Another Gene Has Been Identified as Potentially Cancer-Causing When MutatedThe Breast Cancer Site
The discovery of a gene that, when mutated, is capable of producing cancerous tumors doesn't necessarily sound like stellar news. However, researchers are hopeful that the medical find will lead to a breakthrough in the early diagnosis and targeted treatment of breast cancer.
In its healthy incarnation, the gene known as GT198 repairs DNA, but in its mutated state, it causes cancer cells to grow rapidly. Pinpointing the presence of GT198 in patients with breast cancer allows researchers to devise therapies that target the source of the cancer rather than merely going after the tumors themselves.
In their study, which was published in the American Journal of Pathology in March 2016, researchers from the Medical College of Georgia at Augusta University compiled and analyzed data from 254 premenopausal and postmenopausal women with breast cancer. A 2013 study by the same research team found that mutated GT198 genes were also evident in patients with ovarian cancer. The breakthrough in the new study involves the discovery of mutated GT198 in progenitor cells. These cells normally build healthy tissue, but when they carry GT198 mutations, they create an environment for rapid growth of cancerous tumors.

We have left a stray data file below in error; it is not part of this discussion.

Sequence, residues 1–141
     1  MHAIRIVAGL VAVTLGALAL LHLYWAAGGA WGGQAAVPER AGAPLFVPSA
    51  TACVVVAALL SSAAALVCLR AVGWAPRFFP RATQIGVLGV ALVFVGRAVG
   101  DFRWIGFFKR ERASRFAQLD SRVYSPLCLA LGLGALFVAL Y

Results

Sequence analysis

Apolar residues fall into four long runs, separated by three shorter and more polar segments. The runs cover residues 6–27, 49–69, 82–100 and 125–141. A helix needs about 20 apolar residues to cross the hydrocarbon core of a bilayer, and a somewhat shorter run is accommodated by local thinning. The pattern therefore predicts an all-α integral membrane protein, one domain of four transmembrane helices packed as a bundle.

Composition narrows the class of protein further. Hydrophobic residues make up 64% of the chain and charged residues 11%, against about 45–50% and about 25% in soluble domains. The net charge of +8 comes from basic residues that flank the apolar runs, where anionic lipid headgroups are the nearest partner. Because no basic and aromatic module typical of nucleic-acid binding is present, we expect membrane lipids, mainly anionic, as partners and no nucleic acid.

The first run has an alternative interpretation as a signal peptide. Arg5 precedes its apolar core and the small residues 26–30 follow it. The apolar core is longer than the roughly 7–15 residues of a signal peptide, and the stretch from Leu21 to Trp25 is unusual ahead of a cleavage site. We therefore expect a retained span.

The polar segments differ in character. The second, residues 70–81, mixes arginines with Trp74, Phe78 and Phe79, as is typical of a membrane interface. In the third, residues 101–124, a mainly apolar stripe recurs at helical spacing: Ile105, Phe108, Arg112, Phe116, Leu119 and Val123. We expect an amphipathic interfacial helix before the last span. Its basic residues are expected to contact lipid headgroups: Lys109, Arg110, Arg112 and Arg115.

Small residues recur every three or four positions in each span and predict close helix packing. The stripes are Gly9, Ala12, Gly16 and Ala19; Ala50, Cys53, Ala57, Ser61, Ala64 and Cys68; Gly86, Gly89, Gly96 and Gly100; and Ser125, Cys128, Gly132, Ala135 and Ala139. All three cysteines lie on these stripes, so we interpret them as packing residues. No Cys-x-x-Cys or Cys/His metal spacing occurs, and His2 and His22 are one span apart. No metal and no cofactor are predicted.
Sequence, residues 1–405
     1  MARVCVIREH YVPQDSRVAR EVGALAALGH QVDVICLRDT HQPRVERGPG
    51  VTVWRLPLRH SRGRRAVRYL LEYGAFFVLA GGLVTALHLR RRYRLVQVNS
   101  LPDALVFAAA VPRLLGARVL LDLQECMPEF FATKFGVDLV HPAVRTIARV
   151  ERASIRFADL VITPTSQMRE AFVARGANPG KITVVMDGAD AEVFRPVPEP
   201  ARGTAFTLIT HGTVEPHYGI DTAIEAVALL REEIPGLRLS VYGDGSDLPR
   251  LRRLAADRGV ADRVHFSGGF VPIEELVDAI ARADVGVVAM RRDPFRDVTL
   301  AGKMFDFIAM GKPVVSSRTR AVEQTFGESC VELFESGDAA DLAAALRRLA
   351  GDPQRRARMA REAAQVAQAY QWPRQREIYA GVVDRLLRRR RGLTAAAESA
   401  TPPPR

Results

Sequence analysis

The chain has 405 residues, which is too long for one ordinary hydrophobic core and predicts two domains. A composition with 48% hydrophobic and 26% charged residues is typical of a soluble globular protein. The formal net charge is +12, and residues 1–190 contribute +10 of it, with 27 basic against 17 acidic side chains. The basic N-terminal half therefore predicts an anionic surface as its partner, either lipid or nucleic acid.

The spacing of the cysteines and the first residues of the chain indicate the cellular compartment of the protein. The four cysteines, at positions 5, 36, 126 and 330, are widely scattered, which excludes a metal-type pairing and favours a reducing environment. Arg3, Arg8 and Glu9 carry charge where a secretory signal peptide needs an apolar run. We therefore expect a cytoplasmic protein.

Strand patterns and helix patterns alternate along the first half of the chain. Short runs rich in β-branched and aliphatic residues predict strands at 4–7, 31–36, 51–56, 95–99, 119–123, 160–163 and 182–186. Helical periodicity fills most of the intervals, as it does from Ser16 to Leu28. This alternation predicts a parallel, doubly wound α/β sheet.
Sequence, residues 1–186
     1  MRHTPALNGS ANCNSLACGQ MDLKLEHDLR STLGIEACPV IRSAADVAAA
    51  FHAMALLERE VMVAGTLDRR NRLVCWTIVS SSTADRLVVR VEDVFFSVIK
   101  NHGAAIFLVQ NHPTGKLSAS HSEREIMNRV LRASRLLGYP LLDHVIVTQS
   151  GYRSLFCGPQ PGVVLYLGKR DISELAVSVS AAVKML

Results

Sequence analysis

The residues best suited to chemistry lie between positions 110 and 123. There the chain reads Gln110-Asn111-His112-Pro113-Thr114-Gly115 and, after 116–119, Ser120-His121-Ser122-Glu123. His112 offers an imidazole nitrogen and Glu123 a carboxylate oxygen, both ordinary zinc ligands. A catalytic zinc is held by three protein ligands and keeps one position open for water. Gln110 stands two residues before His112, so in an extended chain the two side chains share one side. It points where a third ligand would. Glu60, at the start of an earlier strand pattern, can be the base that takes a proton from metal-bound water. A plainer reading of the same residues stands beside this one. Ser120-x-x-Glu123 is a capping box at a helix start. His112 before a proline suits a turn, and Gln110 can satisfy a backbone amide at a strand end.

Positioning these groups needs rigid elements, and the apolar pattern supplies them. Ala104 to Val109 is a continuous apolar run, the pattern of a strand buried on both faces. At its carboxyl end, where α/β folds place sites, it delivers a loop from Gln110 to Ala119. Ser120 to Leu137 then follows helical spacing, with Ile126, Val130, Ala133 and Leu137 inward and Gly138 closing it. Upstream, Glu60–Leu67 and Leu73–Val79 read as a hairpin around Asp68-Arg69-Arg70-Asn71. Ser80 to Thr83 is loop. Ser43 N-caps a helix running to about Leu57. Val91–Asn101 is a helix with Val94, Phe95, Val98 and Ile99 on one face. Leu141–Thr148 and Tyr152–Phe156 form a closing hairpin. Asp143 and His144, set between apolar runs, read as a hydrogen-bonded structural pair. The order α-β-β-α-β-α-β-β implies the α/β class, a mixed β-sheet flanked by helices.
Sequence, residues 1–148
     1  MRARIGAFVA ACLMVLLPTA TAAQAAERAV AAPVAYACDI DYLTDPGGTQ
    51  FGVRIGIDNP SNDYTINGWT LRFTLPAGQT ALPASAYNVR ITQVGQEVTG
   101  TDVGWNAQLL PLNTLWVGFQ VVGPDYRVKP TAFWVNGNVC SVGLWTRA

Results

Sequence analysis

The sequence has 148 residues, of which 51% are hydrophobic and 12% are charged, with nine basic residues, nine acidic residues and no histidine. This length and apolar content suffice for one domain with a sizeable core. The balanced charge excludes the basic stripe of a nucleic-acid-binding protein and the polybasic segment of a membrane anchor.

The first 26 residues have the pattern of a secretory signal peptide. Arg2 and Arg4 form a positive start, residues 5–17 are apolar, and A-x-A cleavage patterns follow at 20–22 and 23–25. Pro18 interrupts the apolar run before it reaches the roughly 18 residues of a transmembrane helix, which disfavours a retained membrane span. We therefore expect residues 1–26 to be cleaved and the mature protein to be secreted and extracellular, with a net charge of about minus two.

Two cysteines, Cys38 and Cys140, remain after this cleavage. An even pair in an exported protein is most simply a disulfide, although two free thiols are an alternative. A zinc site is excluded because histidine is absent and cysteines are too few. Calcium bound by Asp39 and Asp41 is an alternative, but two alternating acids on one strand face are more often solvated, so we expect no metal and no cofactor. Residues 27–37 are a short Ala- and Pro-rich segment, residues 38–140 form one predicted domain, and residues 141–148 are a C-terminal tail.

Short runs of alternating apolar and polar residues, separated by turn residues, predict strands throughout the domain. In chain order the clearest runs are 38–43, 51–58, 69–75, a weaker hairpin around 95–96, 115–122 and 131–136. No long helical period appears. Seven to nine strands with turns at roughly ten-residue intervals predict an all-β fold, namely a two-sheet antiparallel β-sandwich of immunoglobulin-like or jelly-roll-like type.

Researchers report that either environmental factors or genetics may cause GT198 genes to mutate. Estrogen regulates GT198 normally, but once mutation occurs, the gene prompts cancerous cells to grow out of control. It is present in high amounts within the blood and cancerous breast tissue of patients. Researchers believe that targeting the progenitor cells is the key to greater effectiveness of treatments such as herbs and antibodies.
The research into mutated GT198 genes shows great promise when it comes to breast cancer diagnosis and defeating its source in progenitor cells. Read this article for an amazing look at a new method of cancer treatment that turns previously cancerous cells into warriors that attack and kill other cancerous cells.